In August 2009 former madam Dalia Dippolito conspired with a hit man to arrange her ex-con husband’s murder. Days later it seemed as if all had gone according to plan. The beautiful young Dalia came home from her health club to an elaborate crime scene, complete with yellow tape outlining her townhome and police milling about. When Sgt. Frank Ranzie of the Boynton Beach, Florida, police informed her of her husband Michael’s apparent murder, the newlywed Dalia Dippolito could be seen on surveillance video collapsing into the cop’s arms, like any loving wife would do. The only things missing from her performance were actual tears.
And the only thing missing from the murder scene was an actual murder.
Tipped off by one of Dalia’s lovers, an undercover detective posing as a hit man met with Dalia to plot her husband’s murder while his team planned then staged the murder scenario – brazenly inviting the reality TV show Cops along for the ride. The Cops video went viral, sparking a media frenzy: twisted tales of illicit drugs, secret boyfriends, sex for hire, a cuckolded former con man, and the defense’s ludicrous claim that the entire hit had been staged by the intended victim for reality TV fame.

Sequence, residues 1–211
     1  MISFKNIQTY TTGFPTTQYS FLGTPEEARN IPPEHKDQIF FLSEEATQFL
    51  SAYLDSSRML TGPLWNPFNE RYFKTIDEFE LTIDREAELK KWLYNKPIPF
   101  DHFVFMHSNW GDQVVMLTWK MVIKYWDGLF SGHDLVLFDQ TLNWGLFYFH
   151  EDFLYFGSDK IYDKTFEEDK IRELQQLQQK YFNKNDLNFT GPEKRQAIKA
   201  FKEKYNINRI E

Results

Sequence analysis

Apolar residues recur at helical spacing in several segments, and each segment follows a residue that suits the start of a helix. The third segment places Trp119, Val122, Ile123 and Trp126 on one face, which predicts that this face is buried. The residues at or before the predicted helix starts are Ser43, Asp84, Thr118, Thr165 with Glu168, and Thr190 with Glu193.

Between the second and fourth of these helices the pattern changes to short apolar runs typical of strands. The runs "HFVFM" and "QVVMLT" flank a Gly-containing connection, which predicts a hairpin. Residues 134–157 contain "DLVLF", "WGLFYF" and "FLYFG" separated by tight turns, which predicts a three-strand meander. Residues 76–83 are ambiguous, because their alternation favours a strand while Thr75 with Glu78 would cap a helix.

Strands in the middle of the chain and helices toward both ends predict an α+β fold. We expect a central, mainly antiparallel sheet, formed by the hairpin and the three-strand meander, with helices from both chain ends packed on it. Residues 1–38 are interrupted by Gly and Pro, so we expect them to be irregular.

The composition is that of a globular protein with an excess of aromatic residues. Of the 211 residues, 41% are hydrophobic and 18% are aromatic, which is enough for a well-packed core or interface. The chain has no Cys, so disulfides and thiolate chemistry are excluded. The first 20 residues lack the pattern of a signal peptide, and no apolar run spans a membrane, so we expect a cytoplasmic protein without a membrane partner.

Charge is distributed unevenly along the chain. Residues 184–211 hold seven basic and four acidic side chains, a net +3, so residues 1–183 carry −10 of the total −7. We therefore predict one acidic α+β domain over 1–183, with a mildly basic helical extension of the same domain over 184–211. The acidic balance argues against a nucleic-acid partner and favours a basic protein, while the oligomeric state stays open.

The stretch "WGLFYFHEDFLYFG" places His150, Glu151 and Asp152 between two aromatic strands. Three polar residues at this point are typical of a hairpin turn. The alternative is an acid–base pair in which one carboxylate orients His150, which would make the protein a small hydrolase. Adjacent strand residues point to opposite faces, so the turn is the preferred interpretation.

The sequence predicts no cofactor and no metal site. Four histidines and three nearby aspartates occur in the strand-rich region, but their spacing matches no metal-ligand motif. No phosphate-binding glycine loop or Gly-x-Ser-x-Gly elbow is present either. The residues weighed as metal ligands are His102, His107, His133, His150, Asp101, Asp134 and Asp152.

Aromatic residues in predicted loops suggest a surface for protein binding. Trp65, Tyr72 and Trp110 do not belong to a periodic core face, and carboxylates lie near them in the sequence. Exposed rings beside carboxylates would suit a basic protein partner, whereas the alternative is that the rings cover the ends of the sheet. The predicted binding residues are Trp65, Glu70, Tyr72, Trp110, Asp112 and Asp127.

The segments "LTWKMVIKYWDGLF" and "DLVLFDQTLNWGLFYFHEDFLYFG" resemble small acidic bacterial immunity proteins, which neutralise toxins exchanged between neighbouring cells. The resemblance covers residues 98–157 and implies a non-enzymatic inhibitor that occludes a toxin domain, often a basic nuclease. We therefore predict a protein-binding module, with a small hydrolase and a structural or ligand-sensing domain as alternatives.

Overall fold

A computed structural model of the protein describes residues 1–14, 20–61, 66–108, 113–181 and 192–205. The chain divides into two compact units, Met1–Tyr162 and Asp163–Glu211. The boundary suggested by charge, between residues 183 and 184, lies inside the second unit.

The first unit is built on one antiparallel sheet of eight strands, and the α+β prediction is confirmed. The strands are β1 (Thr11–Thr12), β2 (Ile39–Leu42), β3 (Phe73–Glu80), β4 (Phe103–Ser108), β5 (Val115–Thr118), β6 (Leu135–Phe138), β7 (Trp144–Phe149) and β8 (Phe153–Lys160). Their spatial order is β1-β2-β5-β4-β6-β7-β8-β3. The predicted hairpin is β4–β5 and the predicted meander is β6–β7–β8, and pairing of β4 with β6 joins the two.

In Poison Candy, case prosecutor Elizabeth Parker teams with best-selling crime writer Mark Ebner to take listeners behind and beyond the courtroom scenes with astonishing, never-before-revealed facts, whipsaw plot twists, and exclusive details far too lurid for the trial that led to 20 years in state prison for Dalia Dippolito.
Readers may be familiar with the various online clips of Dalia Dippolito’s response to the shocking news that her husband of six months, Mike Dippolito, had just been shot dead. In fact, the Boynton Beach Police Department posted the video online the next day. Not only had the police been filming, but the TV show COPS’ cameras were also there. The good news is, it was a sting; the husband was safe, hurried away that morning by cops. The bad news is that the young bride herself hired the hit man and thus was faking her shock and horror. Prosecutor (and coauthor) Parker was brought aboard to sort things out, and she built her case against Dalia by intense scrutiny of her phone records, Craigslist and other online postings, and texts, some of which (e.g., advertising escort services, seducing old lovers) are reproduced in the book. This is an engagingly told, eyebrow-raising story of a nice guy with a bad past; a manipulative, brazen almost-murderess; and thugs, both softhearted and heartless, that is spiced with trial excerpts and the intricacies of Florida’s legal system. –Eloise Kinney